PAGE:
In recent years, promising new possibilities have emerged in cancer treatment—providing new hope and opportunities for healing. But choosing the best next steps requires both a caring and supportive medical team—and access to the best treatments available.
Thankfully, at the Jewish Hospital – Mercy Health Cincinnati Cancer and Cellular Therapy Center (3CTC), choosing and pursuing cancer treatment is personalized. Their staff align each treatment plan toward protecting the patient and improving outcomes every step of the way.
Diane Shapiro, RN and Transplant Coordinator, has worked with the Jewish Hospital Cancer Center for more than 27 years. “I love the team approach we have,” she says. “It’s not just doctors—we have an amazing group that includes nurses, pharmacists, nurse practitioners, as well as a dietitian, social worker and psychologist. It truly takes a village for a successful outcome for patients and their families.”
There’s more. The first chimeric antigen receptor T cell immunotherapy (CAR-T) was approved as a treatment for leukemia in 2017, and since then, CAR-T protocols have been approved for some types of lymphoma and multiple myeloma.
“As soon as we heard about CAR-T, even when it was still in clinical trials, we thought it was important for our patients to have access to this potentially life-saving therapy,” says Dr. James Essell, medical director of 3CTC. “We’re the first in the region to have this for adults.”
What Is CAR-T Therapy?
CAR-T begins with collecting lymphocyte cells called T cells from the patient. These cells are genetically modified in a lab to specifically attack the cancer. The cells are grown in the lab, and they are then infused back into the patient’s blood. The modified T cells attach to the malignant cancer cells and kill them. CAR-T continues to multiply and expand in the body to fight the cancer.
Dr. Essell explains that CAR-T is a targeted form of cancer treatment called cellular therapy, which helps the body to attack cancer itself, rather than having chemotherapy or radiation doing the primary cancer-fighting work.
The Who and the How
CAR-T immunotherapy is currently only considered in candidates whose cancer has not gone into remission during two or more previous chemotherapy attempts. Many of these patients would previously have had few, if any, options for continuing treatment effectively.
While research is ongoing, at least one study shows more than a third of cancer cases going into long-term remission after the treatment. Dr. Essell has reason to believe that cured patient percentages will rise even further due to continued innovation in the world of cellular therapy.
Multiple CAR-T therapies have been approved by the FDA—early successes have prompted many new trials to provide CAR-T for other cancer types, since each treatment is specific to the particular kind of cancer.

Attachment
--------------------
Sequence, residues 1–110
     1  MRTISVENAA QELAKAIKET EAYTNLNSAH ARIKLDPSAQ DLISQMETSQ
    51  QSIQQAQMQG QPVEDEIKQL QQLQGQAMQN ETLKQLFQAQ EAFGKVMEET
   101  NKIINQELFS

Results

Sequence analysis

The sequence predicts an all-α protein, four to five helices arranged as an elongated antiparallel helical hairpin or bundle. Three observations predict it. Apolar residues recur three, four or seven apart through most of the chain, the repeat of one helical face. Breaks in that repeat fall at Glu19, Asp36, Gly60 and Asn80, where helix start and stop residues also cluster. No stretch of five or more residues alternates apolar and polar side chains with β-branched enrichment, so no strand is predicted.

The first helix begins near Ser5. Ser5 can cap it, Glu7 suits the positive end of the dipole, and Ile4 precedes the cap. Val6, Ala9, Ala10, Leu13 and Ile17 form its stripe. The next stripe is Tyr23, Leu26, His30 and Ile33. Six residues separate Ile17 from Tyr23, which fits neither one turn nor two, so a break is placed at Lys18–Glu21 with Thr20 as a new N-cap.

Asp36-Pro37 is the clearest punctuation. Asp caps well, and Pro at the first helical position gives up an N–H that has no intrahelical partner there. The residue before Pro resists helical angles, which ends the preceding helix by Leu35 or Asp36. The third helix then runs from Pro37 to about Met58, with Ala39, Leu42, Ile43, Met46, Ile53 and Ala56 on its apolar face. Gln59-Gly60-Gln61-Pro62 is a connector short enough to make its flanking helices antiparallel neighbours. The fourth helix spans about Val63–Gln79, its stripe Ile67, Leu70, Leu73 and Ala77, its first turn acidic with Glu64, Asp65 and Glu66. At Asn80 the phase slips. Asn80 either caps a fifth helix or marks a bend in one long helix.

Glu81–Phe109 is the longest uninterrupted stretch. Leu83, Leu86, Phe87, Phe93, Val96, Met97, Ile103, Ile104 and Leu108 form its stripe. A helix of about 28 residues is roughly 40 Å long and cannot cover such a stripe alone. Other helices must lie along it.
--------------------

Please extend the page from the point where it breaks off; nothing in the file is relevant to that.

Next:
3CTC is part of that ongoing innovation in cancer care, opening a new patient infusion center in April 2022 that will allow them to expand their capacity and do even more in the fight against highly resistant cancers.
From the Eyes of a Patient
One Mason resident and CAR-T patient at 3CTC has brought his unshakable faith with him during a difficult lymphoma journey. Even on his toughest days, Gordon Massa lends inspiration to both 3CTC staff and patients with his powerful spirituality and encouragement of others.
After multiple unsuccessful chemotherapy rounds, Gordon was referred by his local oncologist to the team at the Jewish Hospital. Through the intake and evaluation process, he became a candidate for CAR-T treatment.
While a challenge of CAR-T can be its potential side effects—which often necessitate consistent monitoring and care—the medical team and Gordon’s family created a network of care around him for those crucial first few weeks.
“Our family, our village, wanted to help any way they could … we were very grateful. Getting this treatment only 15-20 minutes away from home made it all possible,” says Gordon. “Everyone has been helpful through this process. Diane’s attitude was positive and encouraging, and she calmed the waters several times.”
Gordon’s wife, Lianne, became his main caregiver during CAR-T treatment. “All the nurses and doctors have been amazing,” she adds. “They all bring something to the table.”
At his 60 day PET/CT scans, Gordon’s cancer was found to be in remission.
Gordon and other patients like him know that having teammates on your side during tough times is essential for persevering and trusting the treatment process. And at 3CTC, they’re definitely in good hands.
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